Gelman, Rosenberg & Freedman has identified several articles published over the past few days that contain information about the potential impact of the government shutdown on nonprofit organizations and USAID operations. We provide these links for informational purposes only.

Short summaries are provided below with links to the original articles.

Ms. Schoshinski says nonprofits that receive government funding or have government contracts should speak with appropriate contracting officers for specific guidance on their situation. She lists six considerations for nonprofit employers in terms of how the shutdown may affect staff. 1. Organizations face several options regarding staff—furlough, reduced pay, required employee leave or mandatory training. 2. Nonprofit employers should review employment contracts before reducing pay. 3. Nonprofit employers should understand differences between layoffs and furloughs. 4. Employers should be watchful of employment actions that may cause “disparate treatment.” 5. Nonprofit employers should not violate exempt status when requiring time off; the exempt classification under the Fair Labor Standards Act should be considered so employees don’t lose their exempt status. 6. Nonprofit employers should review the impact of different employment actions on benefits.

The blog post also includes a link complimentary Nonprofit HR white paper on the legal perspective on employment actions called Legal Considerations in Layoffs, Salary Reductions and Furloughs.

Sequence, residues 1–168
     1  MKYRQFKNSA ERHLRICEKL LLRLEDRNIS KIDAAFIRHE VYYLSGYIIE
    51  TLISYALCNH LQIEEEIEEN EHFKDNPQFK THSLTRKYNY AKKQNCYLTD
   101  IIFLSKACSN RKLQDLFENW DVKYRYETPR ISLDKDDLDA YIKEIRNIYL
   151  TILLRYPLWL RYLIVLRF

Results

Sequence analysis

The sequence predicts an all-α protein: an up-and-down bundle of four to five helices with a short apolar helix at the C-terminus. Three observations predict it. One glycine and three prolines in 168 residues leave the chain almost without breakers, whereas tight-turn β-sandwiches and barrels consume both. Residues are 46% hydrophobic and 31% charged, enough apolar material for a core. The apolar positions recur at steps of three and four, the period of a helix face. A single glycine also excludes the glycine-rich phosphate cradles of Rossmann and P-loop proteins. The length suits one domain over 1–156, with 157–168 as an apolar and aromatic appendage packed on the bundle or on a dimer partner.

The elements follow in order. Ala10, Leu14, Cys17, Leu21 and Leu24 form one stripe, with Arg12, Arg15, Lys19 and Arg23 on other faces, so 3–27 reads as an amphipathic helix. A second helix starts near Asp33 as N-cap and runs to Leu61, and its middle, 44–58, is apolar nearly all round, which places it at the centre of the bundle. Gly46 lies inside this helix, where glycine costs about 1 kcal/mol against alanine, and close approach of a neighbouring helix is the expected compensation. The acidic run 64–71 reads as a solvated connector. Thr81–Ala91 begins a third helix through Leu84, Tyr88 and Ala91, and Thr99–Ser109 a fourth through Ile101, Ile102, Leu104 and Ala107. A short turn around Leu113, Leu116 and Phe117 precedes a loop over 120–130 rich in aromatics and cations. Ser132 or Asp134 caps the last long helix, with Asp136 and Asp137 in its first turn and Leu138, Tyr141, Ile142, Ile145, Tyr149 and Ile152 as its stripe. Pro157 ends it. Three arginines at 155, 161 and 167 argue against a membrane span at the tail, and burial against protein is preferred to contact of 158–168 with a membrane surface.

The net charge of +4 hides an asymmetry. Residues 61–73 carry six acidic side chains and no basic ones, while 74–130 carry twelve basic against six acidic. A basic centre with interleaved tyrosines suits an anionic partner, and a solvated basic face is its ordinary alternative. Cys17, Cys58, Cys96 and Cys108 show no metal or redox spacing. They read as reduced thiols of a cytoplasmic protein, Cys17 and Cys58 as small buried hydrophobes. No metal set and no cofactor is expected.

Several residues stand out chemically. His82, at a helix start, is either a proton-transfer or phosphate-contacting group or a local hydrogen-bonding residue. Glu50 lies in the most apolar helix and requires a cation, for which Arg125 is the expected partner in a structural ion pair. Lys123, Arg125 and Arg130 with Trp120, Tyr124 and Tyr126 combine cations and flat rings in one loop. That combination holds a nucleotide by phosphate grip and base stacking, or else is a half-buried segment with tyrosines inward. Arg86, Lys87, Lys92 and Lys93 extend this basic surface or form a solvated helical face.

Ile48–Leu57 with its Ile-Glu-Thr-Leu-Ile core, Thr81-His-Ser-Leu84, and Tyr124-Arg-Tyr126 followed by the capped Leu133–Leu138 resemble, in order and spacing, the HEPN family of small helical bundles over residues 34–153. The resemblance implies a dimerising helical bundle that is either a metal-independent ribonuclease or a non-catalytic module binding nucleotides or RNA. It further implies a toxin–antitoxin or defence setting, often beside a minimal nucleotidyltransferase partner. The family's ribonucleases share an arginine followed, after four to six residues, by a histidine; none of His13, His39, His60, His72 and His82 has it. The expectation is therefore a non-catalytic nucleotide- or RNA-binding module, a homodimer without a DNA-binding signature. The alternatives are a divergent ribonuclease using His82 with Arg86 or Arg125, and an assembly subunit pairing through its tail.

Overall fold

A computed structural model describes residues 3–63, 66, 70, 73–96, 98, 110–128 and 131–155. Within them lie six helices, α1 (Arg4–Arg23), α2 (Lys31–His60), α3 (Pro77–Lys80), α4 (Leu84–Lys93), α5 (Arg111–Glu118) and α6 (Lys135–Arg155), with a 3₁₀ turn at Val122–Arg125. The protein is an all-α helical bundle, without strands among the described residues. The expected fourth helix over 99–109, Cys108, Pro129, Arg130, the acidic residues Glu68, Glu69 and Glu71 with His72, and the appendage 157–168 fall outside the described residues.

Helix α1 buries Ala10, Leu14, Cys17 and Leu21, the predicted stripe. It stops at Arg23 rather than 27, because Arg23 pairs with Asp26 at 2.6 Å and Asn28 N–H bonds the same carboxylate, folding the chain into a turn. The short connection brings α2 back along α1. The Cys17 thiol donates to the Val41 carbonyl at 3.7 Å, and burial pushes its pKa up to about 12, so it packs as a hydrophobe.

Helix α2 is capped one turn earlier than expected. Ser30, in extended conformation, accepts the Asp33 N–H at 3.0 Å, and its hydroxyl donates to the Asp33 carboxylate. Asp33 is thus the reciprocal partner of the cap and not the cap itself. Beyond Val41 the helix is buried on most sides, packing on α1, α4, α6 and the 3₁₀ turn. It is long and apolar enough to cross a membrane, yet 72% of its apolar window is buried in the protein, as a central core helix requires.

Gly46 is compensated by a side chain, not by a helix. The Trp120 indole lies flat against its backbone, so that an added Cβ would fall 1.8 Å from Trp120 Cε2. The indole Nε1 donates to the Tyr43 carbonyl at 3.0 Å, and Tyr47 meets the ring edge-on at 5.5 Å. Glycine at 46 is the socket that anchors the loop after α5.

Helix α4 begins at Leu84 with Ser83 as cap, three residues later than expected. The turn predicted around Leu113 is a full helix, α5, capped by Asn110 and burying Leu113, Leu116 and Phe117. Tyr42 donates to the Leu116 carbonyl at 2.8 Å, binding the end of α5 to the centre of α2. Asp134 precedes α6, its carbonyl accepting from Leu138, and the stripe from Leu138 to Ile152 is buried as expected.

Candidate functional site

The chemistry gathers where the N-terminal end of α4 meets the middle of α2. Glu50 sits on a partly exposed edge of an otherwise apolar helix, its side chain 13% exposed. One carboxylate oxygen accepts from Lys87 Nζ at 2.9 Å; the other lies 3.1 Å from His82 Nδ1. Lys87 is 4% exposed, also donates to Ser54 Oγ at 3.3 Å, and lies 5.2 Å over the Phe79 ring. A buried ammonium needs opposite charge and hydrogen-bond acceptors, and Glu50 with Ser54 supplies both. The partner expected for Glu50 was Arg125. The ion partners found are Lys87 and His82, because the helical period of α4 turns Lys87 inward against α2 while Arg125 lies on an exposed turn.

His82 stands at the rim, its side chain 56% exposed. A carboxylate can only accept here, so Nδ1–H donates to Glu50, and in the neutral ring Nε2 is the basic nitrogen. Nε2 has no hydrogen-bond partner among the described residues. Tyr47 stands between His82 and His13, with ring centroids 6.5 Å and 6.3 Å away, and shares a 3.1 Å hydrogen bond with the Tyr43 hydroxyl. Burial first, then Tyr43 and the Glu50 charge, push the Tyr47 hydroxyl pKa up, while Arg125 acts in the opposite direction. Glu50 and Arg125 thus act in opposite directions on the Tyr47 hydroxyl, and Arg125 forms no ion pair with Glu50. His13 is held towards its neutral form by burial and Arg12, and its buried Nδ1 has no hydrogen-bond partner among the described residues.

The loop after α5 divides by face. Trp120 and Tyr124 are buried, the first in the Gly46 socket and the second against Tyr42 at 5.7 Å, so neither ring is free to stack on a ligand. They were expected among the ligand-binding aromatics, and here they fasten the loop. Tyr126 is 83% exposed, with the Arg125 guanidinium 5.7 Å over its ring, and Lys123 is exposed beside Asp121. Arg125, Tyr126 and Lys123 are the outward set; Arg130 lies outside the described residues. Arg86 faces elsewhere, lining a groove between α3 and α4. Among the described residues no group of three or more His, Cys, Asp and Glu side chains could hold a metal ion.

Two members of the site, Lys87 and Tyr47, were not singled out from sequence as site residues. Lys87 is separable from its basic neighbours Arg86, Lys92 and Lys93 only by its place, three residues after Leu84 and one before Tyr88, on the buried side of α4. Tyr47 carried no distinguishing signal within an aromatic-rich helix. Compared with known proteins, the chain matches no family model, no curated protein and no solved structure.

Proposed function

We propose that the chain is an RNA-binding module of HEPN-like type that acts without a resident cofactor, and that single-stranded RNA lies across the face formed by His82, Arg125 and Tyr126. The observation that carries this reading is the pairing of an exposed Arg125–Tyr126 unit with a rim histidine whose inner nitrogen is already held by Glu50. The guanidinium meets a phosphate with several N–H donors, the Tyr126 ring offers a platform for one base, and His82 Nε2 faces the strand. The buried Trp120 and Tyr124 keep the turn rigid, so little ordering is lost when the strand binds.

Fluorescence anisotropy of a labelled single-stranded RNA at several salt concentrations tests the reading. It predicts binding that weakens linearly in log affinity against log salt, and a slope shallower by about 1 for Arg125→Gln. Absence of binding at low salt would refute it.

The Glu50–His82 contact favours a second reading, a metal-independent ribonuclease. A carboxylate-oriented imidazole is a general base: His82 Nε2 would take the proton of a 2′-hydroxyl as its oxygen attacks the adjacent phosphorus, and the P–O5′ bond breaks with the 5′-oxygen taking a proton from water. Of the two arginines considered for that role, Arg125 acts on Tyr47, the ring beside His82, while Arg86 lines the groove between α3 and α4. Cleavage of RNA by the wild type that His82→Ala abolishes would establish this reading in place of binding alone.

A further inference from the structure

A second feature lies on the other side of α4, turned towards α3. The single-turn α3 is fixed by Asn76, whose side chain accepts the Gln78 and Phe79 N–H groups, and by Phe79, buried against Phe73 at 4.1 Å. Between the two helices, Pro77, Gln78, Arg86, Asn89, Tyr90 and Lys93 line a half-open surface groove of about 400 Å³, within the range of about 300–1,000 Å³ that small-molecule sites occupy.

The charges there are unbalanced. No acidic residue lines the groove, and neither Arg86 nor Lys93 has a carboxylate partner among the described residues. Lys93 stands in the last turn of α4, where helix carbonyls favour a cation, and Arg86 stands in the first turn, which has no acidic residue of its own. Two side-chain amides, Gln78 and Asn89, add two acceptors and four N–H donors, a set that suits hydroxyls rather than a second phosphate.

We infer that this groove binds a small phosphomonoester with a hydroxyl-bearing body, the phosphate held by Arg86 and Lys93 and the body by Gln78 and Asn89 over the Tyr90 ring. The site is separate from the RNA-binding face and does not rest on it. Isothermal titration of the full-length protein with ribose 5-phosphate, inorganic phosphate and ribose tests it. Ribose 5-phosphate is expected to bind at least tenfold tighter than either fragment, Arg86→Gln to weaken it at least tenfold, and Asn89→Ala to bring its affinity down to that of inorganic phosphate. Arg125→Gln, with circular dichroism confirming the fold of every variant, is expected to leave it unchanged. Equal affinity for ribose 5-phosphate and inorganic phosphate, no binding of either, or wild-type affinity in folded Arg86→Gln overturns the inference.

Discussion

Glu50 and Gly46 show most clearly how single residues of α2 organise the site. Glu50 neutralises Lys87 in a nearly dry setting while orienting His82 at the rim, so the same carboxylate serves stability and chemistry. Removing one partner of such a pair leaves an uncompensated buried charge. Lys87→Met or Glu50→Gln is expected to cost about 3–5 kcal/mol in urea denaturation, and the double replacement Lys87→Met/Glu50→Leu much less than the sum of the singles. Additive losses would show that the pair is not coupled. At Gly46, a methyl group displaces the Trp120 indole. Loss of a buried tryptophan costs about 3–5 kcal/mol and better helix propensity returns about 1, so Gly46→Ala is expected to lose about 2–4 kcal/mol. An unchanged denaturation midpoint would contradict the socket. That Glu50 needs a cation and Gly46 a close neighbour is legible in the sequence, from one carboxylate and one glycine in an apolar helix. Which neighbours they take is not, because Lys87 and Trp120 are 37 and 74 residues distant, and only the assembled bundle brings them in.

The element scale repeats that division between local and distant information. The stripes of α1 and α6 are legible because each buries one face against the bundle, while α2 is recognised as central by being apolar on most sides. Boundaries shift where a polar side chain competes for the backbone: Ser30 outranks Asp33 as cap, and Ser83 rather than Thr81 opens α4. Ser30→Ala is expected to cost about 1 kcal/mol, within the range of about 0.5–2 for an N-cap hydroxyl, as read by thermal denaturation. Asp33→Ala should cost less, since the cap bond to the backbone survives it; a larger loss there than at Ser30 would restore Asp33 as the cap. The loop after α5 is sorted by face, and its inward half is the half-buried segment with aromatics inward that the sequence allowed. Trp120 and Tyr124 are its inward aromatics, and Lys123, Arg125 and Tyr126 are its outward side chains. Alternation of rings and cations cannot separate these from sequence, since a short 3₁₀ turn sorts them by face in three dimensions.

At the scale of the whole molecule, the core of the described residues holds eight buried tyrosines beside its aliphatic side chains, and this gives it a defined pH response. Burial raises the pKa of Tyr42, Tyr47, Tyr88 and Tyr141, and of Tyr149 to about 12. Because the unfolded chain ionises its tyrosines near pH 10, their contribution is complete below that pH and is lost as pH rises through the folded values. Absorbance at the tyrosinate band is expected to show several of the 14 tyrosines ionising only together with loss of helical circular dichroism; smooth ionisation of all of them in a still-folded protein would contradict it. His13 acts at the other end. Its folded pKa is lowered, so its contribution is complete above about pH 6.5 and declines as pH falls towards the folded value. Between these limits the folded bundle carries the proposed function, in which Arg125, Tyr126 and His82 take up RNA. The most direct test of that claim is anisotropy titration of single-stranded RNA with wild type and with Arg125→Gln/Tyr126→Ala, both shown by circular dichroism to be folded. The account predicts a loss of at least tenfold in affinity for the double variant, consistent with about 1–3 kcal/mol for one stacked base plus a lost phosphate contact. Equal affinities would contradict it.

The article quotes a Washington Post article that explains how in Washington, DC, an estimated $200 million per day will be lost and 700,000 jobs could be affected by the shutdown. Delayed payments from the government could affect cash flow meaning nonprofits will be forced to make decisions that could result in layoffs or furloughs. The article stresses that employee contracts need to be reviewed as well as applicable laws including the Fair Labor Standards Act, which governs the exempt and non-exempt status of employees. The article points out that while nonprofits will be most affected due to funding concerns, they may also face additional demand for services. For example, food stamp cuts mean more people will seek other sources of food such as from food banks.  

This issue of Venable LLP’s monthly alert explains various scenarios under which nonprofit agencies may or may not incur additional obligations from government funding sources that have lapsed. The question & answer format addresses 10 potential possibilities the agencies face.

DevEx reports that the U.S. Agency for International Development has provided guidelines for contractors and grantees regarding the government shutdown. Items covered include funding impacts should no budget resolution be passed by Congress before October 31. USAID did state though that most grants and contracts are not dependent on additional appropriations. Read this article for additional information 

In an October 1 Maryland Money Matters publication, the institute highlights programs such as WIC and TANF that will not be funded until the end of the budget impasse. The alert also highlights potential financial impacts throughout the state of Maryland.